Fredriksen on stock exchange fall: “It probably creates new opportunities for us”

editorial staff

Marine Harvest’s largest shareholder, John Fredriksen, took notice of the abrupt fall on the stock exchange yesterday.

Fredriksen Group’s largest shareholding is not in shipping, rigs nor in oil. It’s in Marine Harvest which was priced at just over EUR 1.5 billion on Friday.

In the past five years, twin daughters Cecilie and Kathrine Astrup Fredriksen have their shifted focus from shipping and offshore to the group’s financial investments in property and seafood.

Hard life
“Shipping means a tough life and requiring that you be connected 24 hours a day. To me it has been and is a lifestyle, this is what I can and enjoy,” said John Fredriksen to the publication Finansavisen.

“But Cecilie and Kathrine should not take this role. In recent years, they have been fully focused on managing and building up the Group’s investments outside of shipping and offshore. This is where most of the values ​​lie, so it’s more reasonable to spend time there than to keep track of every end in the shipping market,” he added.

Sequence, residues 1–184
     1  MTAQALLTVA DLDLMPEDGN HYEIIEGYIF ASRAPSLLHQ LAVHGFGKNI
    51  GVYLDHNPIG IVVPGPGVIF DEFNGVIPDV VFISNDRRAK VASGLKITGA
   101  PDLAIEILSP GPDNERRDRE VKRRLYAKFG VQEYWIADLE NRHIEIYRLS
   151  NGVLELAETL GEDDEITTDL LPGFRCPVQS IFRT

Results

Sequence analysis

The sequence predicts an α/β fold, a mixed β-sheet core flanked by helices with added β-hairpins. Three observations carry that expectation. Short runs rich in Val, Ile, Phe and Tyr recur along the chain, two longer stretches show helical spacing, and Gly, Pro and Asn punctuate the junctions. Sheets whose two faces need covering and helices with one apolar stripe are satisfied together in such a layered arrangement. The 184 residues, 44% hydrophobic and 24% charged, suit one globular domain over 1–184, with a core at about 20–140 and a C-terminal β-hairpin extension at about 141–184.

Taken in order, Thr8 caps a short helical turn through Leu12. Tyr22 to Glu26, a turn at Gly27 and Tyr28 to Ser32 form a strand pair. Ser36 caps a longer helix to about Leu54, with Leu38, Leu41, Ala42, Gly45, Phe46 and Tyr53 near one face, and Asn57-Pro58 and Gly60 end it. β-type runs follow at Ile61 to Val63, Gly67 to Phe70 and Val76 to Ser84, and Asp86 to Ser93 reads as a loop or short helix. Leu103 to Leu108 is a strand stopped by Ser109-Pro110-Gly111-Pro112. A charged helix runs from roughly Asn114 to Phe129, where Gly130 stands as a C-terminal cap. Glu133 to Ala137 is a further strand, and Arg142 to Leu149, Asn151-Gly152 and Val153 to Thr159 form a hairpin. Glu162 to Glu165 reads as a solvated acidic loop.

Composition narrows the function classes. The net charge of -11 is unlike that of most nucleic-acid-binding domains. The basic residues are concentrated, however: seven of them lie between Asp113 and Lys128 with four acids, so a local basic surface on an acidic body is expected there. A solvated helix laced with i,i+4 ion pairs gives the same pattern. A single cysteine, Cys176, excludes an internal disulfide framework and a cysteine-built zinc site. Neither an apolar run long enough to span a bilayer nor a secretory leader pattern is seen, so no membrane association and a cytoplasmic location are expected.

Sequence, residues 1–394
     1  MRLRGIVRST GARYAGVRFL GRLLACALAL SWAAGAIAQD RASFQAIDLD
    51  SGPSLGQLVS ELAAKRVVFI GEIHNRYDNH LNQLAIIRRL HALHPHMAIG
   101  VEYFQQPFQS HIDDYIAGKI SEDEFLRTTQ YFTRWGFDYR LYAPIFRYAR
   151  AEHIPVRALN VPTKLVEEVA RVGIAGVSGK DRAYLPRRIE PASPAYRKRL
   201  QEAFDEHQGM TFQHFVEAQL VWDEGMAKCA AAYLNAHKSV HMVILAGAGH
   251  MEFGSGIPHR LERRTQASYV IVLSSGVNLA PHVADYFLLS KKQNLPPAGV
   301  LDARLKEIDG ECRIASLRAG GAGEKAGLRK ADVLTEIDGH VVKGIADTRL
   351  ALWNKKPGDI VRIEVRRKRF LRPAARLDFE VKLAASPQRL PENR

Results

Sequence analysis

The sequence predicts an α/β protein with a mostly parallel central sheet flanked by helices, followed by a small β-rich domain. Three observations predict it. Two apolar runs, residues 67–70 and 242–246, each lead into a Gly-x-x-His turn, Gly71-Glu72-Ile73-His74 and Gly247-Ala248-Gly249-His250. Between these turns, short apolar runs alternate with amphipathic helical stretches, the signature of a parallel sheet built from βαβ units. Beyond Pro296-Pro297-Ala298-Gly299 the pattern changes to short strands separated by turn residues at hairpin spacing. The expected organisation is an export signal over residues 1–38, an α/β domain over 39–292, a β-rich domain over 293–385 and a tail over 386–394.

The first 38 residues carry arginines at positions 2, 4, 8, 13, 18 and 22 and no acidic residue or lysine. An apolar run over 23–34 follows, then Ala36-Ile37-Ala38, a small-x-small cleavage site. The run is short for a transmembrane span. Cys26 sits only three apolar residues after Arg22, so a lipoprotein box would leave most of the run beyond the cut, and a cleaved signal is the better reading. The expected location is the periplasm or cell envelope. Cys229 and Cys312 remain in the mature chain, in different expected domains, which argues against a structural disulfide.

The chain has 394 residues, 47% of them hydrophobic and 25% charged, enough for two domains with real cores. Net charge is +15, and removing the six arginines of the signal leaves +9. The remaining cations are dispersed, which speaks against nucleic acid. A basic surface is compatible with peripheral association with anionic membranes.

“We are well in the process of finding an organisation which means that they can eventually take ownership of their own business, without having to follow the tank, dry cargo and rig markets from hour to hour every day throughout the year,” Fredriksen continued.

The rig company Seadrill is one of the Fredriksen companies that have been most noticed by the stock exchange this autumn. Marine Harvest managed better, even with a slight decline of seven percent since the begining of October.

“We were able to earn a few billion dollars in our holding companies until the fall of the stock exchange. The downturn on the stock exchanges reduced this figure strongly. At the same time, it probably creates new opportunities for us.”


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